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Long Residence Indefinite Leave To Remain (ILR) Application Top Tips

Written by
Annie Ee, Richmond Chambers
Date of Publication:
11 April 2022

If you have been living continuously and lawfully in the UK for 10 years, you may be eligible to apply for indefinite leave to remain (ILR) on the basis of long residence. This post is designed to give some practical tips when preparing for a long residence ILR application.

Know the requirements for 10 year Long Residence ILR

To be eligible for indefinite leave to remain on the grounds of long residence, the following requirements must be met:

  • You have spent a period of at least 10 years residing in the UK continuously and lawfully;
  • Your 10 year period of lawful residence is unbroken;
  • There are no public interest reasons why it would be unreasonable to grant you indefinite leave to remain;
  • You meet the English language and Life in the UK test requirement;
  • You must not fall for refusal under the general grounds for refusal;
  • You must not in breach of immigration laws unless it falls into the exceptions;

Understand continuous lawful residence

When applying for ILR on the basis of 10 years long residence in the UK, you must demonstrate that you have been continuously lawfully resident in the UK.

The Home Office guidance defines lawful residence as follows:

"Lawful residence is defined in paragraph 276A of the Immigration Rules as a period of continuous residence in which the applicant had one of the following:

existing leave to enter or remain

temporary admission within section 11 of the 1971 Immigration Act where leave to enter or remain is subsequently granted

an exemption from immigration control, including where an exemption ceases to apply if it is immediately followed by a grant of leave to enter or remain"

Once the 10 year period of continuous lawful residence is built up, the entitlement to ILR under the 10 year long residence route does not expire, even after the applicant has spent time living outside the UK. However, do take note of the events that can break continuous residence and this is discussed below.

Make sure you know what absences are permitted

One of the requirements for an application for a 10 years long residence ILR is that there must not be a break in your residence during this period. You can read more about absences in an earlier blog post. Continuous residence will be broken if you have:

  • Been absent from the UK for a period of more than 6 months at any one time;
  • Spent a total of 18 months outside the UK throughout the period;
  • Departed the UK before 24 November 2016 with no valid leave to remain when departing the UK and did not apply for entry clearance within 28 days of previous leave expiring (even if returned to the UK within 6 months).

The following factors are considered to break the continuous residence when an applicant:

  • Was removed, deported or left the UK having been refused leave to enter or remain here; or
  • Left the UK and evidenced a clear intention not to return; or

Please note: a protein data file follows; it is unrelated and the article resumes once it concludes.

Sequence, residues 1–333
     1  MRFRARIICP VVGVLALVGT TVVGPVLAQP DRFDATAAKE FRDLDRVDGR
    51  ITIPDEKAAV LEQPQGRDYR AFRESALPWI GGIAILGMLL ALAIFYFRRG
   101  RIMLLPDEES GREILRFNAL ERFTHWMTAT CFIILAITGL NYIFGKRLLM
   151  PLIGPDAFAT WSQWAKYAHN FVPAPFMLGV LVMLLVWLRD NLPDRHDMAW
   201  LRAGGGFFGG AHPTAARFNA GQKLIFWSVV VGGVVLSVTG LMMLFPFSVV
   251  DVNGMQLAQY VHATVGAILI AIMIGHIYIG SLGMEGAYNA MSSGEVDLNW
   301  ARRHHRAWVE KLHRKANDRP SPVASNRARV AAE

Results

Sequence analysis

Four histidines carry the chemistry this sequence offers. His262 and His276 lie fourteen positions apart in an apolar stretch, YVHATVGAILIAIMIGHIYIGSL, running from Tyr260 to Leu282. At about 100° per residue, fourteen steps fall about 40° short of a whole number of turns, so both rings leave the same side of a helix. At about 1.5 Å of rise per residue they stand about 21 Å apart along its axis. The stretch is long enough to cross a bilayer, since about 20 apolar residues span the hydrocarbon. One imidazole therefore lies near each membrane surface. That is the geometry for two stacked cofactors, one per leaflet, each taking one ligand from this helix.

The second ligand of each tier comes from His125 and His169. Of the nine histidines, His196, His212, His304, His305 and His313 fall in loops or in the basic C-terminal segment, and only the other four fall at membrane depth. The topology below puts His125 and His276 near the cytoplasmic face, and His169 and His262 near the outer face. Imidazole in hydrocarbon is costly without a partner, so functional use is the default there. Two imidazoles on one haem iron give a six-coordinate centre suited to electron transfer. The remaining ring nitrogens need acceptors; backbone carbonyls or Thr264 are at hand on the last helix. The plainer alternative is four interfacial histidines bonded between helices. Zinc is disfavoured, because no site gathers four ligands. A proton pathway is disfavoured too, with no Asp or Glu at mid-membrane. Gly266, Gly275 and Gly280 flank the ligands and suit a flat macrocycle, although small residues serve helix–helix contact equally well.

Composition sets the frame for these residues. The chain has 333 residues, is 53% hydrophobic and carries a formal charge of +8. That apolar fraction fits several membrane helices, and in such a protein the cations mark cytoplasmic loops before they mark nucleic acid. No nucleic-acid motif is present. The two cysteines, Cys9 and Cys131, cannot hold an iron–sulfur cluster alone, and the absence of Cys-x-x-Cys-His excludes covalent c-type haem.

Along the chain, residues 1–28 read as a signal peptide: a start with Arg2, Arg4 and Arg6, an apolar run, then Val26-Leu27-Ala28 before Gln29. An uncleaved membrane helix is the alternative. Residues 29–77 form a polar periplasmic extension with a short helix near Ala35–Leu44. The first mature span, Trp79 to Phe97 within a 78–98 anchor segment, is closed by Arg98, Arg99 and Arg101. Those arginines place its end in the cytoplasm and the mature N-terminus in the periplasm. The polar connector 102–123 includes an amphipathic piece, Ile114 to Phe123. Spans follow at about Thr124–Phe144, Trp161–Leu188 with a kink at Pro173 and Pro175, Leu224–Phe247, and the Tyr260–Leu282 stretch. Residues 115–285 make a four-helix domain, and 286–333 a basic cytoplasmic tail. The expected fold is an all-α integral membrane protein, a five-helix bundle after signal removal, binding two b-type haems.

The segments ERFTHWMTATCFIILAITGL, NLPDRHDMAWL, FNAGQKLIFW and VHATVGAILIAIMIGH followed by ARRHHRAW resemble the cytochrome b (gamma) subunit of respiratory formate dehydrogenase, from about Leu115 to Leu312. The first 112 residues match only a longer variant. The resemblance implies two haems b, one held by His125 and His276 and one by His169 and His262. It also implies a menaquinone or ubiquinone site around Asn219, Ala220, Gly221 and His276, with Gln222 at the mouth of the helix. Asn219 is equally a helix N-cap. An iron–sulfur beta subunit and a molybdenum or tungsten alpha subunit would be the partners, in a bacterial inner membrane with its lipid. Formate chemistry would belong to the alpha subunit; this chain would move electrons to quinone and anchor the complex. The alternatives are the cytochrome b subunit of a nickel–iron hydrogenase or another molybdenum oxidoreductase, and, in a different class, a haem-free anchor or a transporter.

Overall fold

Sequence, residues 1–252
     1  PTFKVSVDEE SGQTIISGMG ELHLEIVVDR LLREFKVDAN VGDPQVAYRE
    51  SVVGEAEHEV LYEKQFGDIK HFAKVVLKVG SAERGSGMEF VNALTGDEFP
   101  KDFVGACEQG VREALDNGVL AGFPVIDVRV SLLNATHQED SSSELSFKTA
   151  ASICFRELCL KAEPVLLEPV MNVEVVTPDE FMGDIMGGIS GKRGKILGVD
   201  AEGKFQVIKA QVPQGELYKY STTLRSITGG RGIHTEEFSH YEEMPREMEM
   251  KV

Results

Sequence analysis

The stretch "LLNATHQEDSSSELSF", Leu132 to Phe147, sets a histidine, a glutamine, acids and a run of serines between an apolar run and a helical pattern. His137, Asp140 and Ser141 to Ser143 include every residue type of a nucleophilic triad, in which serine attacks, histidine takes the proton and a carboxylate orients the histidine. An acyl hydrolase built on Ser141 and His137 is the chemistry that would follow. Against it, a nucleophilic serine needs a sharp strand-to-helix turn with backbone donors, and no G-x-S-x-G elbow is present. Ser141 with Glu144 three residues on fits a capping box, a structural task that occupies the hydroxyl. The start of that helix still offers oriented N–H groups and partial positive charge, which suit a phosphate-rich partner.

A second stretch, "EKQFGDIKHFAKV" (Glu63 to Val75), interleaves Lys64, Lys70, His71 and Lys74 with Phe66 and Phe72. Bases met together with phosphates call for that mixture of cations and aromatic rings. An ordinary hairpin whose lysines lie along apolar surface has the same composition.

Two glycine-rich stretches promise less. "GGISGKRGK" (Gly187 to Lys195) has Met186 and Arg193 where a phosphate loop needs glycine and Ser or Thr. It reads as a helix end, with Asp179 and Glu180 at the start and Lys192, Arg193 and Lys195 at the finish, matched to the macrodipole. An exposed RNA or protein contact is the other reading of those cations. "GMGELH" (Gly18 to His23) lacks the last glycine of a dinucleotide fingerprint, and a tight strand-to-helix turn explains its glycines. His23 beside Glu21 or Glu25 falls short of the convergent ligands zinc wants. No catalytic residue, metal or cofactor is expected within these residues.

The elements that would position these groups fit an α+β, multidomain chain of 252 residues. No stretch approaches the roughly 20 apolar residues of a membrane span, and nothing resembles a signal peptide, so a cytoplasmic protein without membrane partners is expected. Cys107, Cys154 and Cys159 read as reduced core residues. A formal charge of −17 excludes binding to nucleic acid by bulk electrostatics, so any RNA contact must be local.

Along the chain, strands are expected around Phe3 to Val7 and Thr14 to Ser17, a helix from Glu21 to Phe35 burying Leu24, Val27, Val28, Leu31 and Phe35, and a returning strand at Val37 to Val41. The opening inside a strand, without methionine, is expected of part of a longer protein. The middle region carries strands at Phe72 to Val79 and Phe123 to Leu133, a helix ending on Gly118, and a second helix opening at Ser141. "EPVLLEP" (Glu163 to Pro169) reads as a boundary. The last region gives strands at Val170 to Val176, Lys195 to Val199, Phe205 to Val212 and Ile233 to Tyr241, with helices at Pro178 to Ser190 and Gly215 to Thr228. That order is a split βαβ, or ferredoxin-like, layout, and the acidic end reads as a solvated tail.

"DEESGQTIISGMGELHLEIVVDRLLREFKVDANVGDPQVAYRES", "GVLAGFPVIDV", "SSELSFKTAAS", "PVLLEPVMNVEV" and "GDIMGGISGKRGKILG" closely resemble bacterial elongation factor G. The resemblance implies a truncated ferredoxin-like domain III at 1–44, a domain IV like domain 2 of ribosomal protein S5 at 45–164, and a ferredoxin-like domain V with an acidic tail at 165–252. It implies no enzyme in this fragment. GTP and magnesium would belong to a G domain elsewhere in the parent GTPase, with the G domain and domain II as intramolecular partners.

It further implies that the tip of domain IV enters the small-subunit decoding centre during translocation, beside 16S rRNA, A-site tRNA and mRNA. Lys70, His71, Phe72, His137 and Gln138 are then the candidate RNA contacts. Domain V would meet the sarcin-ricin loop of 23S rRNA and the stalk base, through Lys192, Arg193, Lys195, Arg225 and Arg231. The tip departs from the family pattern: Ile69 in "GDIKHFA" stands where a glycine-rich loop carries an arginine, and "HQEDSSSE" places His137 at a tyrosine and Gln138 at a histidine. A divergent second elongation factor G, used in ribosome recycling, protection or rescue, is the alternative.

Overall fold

• Left the UK in circumstances with no reasonable expectation of being able to return lawfully; or
  • Was sentenced to a period of imprisonment (not suspended) or directed to be detained.

Discretion over excess absences

In Home Office guidance, it sets out that if an applicant has been absent from the UK for more than 6 months in one period or more than 18 month in total, the application should normally be refused unless there are compelling or compassionate circumstances where the applicant was not able to return to the UK. We have discussed what 18 months mean for long residence ILR here.

The guidance instructs the caseworkers to consider whether the applicant returned to the UK within a reasonable time. If the applicant has a single absence of over 180 days, the caseworkers need to consider how much of the absence was due to compelling circumstances and whether the applicant returned to the UK once they were able to do so within a reasonable time. If the overall absences were 540 days in the 10 year period, the caseworkers will consider whether these absences were towards the start or end of the 10 year residence period. For example, if the absences were recent, the applicant may not meet the requirement and the caseworkers must therefore consider whether there are any compelling circumstances.

Don't forget English Language and Life in the UK requirements

One of the requirements is that you must show that you have demonstrated sufficient knowledge of the English language and produce evidence that you have successfully completed the Life in the UK Test, unless exempt.

Other considerations

The Home Office will consider the public interest before granting long residence applications. This may involve considering the applicant's age especially if the applicant is young and has adapted to life in the UK. An applicant's connections to the UK will also be a relevant factor as well as their domestic circumstances, such as any dependant children.

One of the factors the Home Office may also consider is an applicant's personal history, including character, conduct and employment record. They will also consider any compassionate circumstances and any representations made on the applicant's behalf.

Making an application

Applications for ILR on the basis of long residence are made online and can be made up to 28 days prior to completing your qualifying period of continuous lawful residence. If you make an application more than 28 days in advance, your application will be refused.

The current Home Office fee is £2,404 and processing time is 6 months unless you select the super priority service for an extra £800.